Fairfield Ledger
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Neighbors Growing Together | Oct 20, 2014

Rain drenched Iowa during June

By XIOMARA LEVSEN | Jul 03, 2014

WASHINGTON, Iowa (GTNS) – June was the third wettest month in 141 years of Iowa rainfall records, according to a report released from Harry Hillaker, state climatologist for the Iowa Department of Agriculture and Land Stewardship.

How this will affect crop yields depends on a couple of things, said Virgil Schmitt, agronomist at the Iowa State University extension office in Muscatine County.

“I think it all depends on which storm you were under,” Schmitt said. “There are three primary issues farmers are having from the last week of storms—hail damage, which I haven’t seen any in Washington County, water damage, and wind damage.”

Schmitt was out surveying fields Wednesday morning. He has noticed some corn bent over in the fields.

“This is from a wind span,” he said. “The corn is leaned over but not snapped. They’ll do what we call ‘gooseneck’ back up again. There will be a very low loss from this, but it does mean harvesting could be difficult because they’re not in straight rows. Farmers will have to make adjustments to the corn heads or attachments and should make arrangements for this now.”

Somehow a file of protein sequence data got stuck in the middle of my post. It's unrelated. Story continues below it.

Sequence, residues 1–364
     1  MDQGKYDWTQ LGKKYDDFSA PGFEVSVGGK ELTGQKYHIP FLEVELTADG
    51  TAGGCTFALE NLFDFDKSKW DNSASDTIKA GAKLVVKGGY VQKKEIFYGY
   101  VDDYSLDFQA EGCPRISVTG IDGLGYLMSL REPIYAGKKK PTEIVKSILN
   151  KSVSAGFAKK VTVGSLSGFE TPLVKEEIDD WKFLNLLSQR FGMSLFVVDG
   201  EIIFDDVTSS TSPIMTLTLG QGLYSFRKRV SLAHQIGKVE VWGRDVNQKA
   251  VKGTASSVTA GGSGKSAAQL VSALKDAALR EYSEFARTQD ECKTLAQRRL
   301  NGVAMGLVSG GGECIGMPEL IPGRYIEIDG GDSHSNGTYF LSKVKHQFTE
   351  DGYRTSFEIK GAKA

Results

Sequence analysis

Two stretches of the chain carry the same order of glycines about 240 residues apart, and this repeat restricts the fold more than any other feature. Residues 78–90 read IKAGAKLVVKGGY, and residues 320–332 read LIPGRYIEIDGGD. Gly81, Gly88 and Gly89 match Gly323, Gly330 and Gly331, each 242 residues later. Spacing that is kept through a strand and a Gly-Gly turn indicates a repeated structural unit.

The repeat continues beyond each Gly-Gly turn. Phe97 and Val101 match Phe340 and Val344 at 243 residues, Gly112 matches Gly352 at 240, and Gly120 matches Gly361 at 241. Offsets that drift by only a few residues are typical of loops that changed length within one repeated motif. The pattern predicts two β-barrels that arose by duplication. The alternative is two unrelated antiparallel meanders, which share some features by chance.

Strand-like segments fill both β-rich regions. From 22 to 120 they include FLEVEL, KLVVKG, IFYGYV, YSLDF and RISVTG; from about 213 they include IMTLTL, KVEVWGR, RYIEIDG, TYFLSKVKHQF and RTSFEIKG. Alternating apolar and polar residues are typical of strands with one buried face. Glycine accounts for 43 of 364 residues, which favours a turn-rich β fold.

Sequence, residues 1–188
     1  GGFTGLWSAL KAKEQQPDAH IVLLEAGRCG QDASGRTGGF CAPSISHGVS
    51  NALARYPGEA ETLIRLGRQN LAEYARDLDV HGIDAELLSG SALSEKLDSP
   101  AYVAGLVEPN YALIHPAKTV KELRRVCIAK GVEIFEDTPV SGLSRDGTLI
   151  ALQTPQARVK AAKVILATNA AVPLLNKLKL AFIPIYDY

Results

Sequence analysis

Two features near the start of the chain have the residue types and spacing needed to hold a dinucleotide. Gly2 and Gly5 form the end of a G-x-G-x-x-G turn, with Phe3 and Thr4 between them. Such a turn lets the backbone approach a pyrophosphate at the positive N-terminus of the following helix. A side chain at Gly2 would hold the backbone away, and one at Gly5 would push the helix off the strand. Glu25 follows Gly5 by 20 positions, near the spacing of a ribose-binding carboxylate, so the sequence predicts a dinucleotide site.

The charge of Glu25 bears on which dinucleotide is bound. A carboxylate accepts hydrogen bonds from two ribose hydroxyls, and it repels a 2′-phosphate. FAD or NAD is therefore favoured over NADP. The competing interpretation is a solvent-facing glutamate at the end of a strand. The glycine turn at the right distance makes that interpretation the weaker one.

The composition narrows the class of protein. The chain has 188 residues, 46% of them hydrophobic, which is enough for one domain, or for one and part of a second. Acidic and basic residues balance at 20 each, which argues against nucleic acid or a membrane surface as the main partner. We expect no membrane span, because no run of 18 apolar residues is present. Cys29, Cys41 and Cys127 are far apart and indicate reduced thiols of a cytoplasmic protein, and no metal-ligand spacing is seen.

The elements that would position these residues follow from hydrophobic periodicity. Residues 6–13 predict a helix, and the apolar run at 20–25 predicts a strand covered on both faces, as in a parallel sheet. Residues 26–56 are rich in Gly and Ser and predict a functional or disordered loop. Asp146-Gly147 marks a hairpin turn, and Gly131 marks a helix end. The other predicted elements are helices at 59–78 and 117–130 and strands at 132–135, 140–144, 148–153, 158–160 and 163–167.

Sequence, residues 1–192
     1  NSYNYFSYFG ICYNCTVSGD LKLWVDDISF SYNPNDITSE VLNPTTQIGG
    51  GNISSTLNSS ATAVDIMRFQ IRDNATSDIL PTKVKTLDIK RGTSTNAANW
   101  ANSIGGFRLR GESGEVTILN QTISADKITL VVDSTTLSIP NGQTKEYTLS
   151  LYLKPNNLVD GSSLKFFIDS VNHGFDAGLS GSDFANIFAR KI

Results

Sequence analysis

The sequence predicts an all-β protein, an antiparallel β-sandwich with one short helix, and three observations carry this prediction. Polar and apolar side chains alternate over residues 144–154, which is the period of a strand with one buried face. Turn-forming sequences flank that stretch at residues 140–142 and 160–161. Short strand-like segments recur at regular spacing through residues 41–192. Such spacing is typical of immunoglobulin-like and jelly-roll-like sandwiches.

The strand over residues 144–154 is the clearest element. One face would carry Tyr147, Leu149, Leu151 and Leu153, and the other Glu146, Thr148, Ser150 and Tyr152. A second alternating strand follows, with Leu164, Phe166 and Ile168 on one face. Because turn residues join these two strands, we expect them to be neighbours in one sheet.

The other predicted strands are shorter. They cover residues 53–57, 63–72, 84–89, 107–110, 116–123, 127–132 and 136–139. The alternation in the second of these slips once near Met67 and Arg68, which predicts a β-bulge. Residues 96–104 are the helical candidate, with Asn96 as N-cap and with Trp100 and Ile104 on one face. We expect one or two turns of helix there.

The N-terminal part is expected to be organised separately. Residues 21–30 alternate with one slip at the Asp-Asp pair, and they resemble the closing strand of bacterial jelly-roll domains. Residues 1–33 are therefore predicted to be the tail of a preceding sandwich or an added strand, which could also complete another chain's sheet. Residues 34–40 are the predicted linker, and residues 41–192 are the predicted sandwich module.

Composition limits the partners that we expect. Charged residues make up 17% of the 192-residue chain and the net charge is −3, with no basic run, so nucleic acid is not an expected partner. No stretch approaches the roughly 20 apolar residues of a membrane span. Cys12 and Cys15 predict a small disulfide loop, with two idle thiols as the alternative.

Schmitt said he has also received reports of crops being submerged in the fields from the recent rain events eastern Iowa has seen.

“If plants are completely submerged they can stand submersion for four days in 77-degree water,” he said. “For hay and pasture ground they can be submerged for one to two days.”

These crops will be able to be saved, Schmitt said.

However, he’s not as optimistic about farmland along rivers, such as the Iowa River and English River, where crops are submerged for an extended amount of time.

“Those are pretty much a lost cause,” he said.

Unfortunately, it is too late in the growing season for farmers to replant corn and soybean crops, Schmitt said.

“The other option would be for farmers to plant a summer forage or cover crops, which would probably be their best option,” he said.

“But first they need to look at their crop insurance and alert them [the company a farmer has crop insurance with] about what they want to do. Second, they need to make sure the crop insurance people are on board with what they want to do.”

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